Chinese Tariff Lawsuit Led by HMTX Sent to Three-Judge Panel

Washington, DC, February 8, 2021-More than 3,500 lawsuits challenging the Trump administration's sweeping tariffs on Chinese products were placed under the review of a special three-judge panel at the U.S. Court of International Trade on February 5, underscoring the high stakes of the sprawling litigation, reports Law360.

“Vinyl flooring supplier HMTX Industries LLC and lighting fixture supplier Jasco Product Co. LLC filed suit last year against former President Donald Trump over his tariff campaign against Beijing, alleging that the bulk of the tariffs were issued outside the bounds of U.S. trade law.

“A tidal wave of challenges from other importers soon followed, taking square aim at the president's tariff power. Much of the early phase of the litigation has focused on logistical issues posed by thousands of similar cases in the CIT, a relatively low-volume court that has averaged just shy of 350 new complaints per year over the last decade.

 “CIT cases are traditionally heard by a single judge, but the court's rules do allow for a three-judge panel to hear cases centering on issues with ‘broad or significant implications’ for the trade bar. HMTX and Jasco moved for a special panel in September, and the request was granted.

“Matthew Nicely, an Akin Gump Strauss Hauer & Feld LLP representing HMTX and Jasco, said that the companies were ‘very pleased’ to have the cases marshaled to a special panel, adding that he was eager to advance the vast raft of litigation.

 “While the government did not oppose HMTX and Jasco's panel request, it did argue that the matter would be better handled by a single judge and that, at a minimum, the management of the enormous caseload should be sorted out before moving to the panel phase.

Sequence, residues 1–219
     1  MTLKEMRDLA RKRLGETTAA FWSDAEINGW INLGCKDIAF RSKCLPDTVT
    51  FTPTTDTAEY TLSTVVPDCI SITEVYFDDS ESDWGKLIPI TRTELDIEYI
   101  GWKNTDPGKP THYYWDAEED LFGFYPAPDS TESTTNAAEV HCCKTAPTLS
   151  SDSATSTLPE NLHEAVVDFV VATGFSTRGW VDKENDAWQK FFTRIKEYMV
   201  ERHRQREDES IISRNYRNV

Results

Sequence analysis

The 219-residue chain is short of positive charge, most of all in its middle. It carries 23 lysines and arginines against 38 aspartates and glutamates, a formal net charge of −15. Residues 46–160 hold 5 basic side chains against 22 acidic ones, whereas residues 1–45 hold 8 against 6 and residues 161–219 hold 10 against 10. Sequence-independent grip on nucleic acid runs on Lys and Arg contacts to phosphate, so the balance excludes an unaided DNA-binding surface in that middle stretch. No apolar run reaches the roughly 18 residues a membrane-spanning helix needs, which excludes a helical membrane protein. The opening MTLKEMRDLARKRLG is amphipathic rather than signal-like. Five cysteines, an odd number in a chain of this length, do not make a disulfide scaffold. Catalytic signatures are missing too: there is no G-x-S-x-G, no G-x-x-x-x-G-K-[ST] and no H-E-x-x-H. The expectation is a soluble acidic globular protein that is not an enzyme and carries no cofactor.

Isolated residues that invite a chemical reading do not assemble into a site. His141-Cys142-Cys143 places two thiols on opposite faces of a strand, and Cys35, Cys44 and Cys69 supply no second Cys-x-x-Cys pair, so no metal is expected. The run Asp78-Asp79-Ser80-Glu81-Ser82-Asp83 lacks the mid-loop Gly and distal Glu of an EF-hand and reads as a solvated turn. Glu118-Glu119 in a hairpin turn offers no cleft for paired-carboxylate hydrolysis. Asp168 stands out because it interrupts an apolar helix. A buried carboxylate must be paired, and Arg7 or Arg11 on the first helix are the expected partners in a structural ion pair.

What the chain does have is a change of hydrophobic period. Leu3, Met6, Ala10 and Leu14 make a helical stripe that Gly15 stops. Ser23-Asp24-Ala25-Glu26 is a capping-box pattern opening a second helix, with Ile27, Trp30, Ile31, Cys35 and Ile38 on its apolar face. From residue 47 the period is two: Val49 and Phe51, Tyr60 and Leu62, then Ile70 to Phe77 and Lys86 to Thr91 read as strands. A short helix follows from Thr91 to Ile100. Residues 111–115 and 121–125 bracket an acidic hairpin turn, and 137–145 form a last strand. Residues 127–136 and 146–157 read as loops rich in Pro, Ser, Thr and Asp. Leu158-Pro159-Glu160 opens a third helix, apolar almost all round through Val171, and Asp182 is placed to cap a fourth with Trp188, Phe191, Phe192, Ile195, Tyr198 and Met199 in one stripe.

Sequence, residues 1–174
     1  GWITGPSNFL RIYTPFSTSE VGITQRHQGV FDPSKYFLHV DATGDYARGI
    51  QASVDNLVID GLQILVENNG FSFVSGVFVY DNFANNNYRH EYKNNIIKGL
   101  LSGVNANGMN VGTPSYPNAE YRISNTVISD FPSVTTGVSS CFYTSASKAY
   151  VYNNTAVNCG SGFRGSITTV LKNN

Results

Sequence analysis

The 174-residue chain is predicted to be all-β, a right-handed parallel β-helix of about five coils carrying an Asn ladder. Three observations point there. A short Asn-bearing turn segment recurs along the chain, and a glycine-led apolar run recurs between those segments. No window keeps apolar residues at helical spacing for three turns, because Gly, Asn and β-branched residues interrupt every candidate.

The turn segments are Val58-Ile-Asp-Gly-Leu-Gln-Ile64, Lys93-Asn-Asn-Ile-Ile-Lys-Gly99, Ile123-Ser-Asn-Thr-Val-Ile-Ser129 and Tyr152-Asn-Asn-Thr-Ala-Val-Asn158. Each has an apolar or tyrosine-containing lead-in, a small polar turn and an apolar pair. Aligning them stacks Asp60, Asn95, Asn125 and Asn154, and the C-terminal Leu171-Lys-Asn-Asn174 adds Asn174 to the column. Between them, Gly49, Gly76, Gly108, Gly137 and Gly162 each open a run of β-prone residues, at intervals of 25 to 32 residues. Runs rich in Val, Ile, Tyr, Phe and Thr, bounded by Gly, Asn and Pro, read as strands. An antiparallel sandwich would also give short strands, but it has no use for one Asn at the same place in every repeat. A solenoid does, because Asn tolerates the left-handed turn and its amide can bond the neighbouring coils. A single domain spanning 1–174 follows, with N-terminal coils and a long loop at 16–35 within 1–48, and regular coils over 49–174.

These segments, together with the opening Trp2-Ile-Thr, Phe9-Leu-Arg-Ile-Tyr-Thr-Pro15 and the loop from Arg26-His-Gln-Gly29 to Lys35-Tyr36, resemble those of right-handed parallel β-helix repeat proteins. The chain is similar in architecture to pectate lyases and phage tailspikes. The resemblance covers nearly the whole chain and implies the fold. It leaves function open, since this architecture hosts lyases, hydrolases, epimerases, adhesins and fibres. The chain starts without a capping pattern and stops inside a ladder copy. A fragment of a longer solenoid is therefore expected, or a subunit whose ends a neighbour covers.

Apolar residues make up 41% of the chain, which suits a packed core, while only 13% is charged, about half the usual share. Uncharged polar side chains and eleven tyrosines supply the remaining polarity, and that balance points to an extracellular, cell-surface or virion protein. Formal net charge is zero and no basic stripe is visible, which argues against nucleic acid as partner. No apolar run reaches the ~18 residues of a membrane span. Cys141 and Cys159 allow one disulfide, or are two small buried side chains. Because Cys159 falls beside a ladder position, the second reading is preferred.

“The cases challenge most of the tariffs imposed by the Trump administration under Section 301 of the Trade Act of 1974, which gives the president wide latitude to set import restrictions on countries that are engaging in unfair trade practices.

 “Most of the challenges use a two-pronged approach to knock down the tariffs, arguing that the bulk of Trump's China tariffs were issued after a 12-month statutory deadline had lapsed and that the White House had violated the Administrative Procedure Act by rushing through its later-stage tariff increases.

“Trump's China duties grew out of a Section 301 investigation that was launched in August 2017, ultimately rebuking Beijing for its intellectual property and technology transfer policies. Two rounds of duties covering a total of $50 billion worth of Chinese goods were set before the 12-month deadline, but subsequent rounds covering roughly $500 billion were issued afterward.”

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